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Courier Spotlight: Cynthia Schultz

At the heart of Frontier Nursing University is a talented and diverse community of students, alumni, faculty, staff, Couriers and preceptors. Spotlight blogs feature members of our FNU community that are focused on the mission of educating nurse-midwives and nurse practitioners to deliver quality health care to underserved and rural populations.

 

In 1928, Mary Breckinridge, founder of Frontier Nursing University established the Courier Program, recruiting young people to come work in the Kentucky Mountains and learn about service to humanity. Couriers escorted guests safely through remote terrain, delivered medical supplies to remote outpost clinics, and helped nurse-midwives during home visits and births. Frontier has benefited tremendously from the 1,600 Couriers who have served since 1928.

Cynthia heard about the Courier Program while she was in boarding school at Milton Academy in the tri-cities of New York. There were many connections to the Courier Program around the Boston area. The presentation was intriguing, but she did not decide to participate in the program until after she graduated from the University of Colorado. Cynthia graduated in the middle of the year, which allowed her the opportunity to travel to Wendover for 6 weeks in March of 1968 to serve as a Courier.

Cynthia was interested in this program for several reasons. First and foremost, she always had health care in the back of her mind, and she still does today. Also, she did not know what she was going to be doing after graduation, her participation in the Courier Program gave her time to sort this out. Additionally, in the summer prior to her participation in the Courier Program, Cynthia spent 6 weeks in Sierra Leone, Africa for a cross-roads program. Cynthia enjoyed taking these adventurous trips, and she was excited to take on her next adventure in the Courier Program.

As a Courier, Cynthia’s main duty was to attend home visits with the nurses. Although they tried to encourage the people of the region to go to the hospital or clinics, most preferred to remain in their own homes when receiving medical care. One of the most significant home visits for Cynthia was when a woman went into labor suddenly. Although Cynthia was not able to be in the room during the delivery, she listened in the next room, which was still exciting!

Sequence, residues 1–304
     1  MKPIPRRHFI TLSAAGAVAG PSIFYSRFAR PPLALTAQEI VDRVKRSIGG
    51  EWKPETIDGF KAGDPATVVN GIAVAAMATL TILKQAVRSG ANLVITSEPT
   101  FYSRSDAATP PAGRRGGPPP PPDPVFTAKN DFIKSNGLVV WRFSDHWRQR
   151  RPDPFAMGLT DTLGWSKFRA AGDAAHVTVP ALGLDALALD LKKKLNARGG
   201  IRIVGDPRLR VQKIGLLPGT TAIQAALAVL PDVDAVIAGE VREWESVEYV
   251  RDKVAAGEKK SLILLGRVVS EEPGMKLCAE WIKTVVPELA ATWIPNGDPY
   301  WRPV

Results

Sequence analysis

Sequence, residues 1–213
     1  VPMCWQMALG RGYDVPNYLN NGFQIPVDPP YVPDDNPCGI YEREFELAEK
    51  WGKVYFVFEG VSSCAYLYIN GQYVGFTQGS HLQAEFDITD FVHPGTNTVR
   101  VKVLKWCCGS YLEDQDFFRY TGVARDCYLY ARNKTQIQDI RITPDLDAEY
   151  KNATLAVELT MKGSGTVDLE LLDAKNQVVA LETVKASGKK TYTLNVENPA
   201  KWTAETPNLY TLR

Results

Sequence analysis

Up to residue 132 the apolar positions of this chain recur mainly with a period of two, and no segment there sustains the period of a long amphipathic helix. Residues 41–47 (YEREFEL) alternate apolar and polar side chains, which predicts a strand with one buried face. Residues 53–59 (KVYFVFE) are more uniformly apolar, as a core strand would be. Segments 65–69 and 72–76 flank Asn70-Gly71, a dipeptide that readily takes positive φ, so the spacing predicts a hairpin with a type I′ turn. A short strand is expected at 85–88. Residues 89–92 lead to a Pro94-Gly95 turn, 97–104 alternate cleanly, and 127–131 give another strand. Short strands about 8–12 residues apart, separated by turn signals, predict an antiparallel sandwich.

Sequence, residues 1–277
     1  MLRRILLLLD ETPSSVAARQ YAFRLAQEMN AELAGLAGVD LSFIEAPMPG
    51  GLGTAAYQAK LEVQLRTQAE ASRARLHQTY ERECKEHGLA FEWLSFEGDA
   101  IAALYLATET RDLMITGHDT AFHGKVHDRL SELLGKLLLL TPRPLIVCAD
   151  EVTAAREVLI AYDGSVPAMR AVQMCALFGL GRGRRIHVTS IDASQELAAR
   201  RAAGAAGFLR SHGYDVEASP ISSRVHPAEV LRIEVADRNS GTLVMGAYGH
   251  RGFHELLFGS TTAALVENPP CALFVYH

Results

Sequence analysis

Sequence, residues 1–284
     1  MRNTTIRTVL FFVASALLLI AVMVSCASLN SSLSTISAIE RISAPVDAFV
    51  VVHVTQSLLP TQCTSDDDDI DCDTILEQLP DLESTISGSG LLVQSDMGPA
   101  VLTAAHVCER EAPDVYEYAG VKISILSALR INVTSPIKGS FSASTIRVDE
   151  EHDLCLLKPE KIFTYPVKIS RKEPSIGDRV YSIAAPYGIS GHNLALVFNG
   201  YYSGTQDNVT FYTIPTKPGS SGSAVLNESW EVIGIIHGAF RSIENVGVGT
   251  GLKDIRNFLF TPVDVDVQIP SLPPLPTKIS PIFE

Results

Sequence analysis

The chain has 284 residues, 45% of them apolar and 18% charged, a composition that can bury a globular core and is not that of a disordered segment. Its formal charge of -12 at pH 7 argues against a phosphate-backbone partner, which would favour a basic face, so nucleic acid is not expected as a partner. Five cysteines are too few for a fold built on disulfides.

Riding horseback was something that was infamous for Couriers in years past. Prior to traveling to Wendover, Cynthia had ridden horses on several occasions but was not completely adept. However, it was something she enjoyed, and thus she was enthused to be able to spend time with horses during her service as a Courier. She took care of them, groomed them, and rode them as well.

In her free time as a Courier, Cynthia remembers driving the FNS jeeps up the creek beds, one of the most adventurous activities for her. Additionally, one day, she traveled to a small nearby town called Berea where she went to a museum and enjoyed the local crafters and people. One of her most memorable experiences during her free time was when she attended a church service in Venice in which there were many snakes used in its practice. She remembers it was somewhat frightening so she did not go back, but she was glad she was able to experience it.

After Cynthia’s various activities while exploring the area, she always enjoyed the hot, home-cooked meals at Wendover. “Those khaki pants kept getting tighter,” she recalls.  

After completion of the Courier Program, Cynthia got married, had children, and worked as a social worker for a number of years.  In 1999, she decided to return to school for Massage Therapy. Presently, she works in hospice care and thoroughly enjoys what she is doing. Although she had an interest in healthcare prior to the Courier Program, her time as a Courier confirmed her passions, and thus she has continued her career working in the healthcare field.

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Welcome to the Frontier Nursing University (FNU) blog. The purpose of this blog is to give a voice to the thousands of students, alumni, preceptors, faculty, administrators and donors who possess a deep commitment to caring for women and families.

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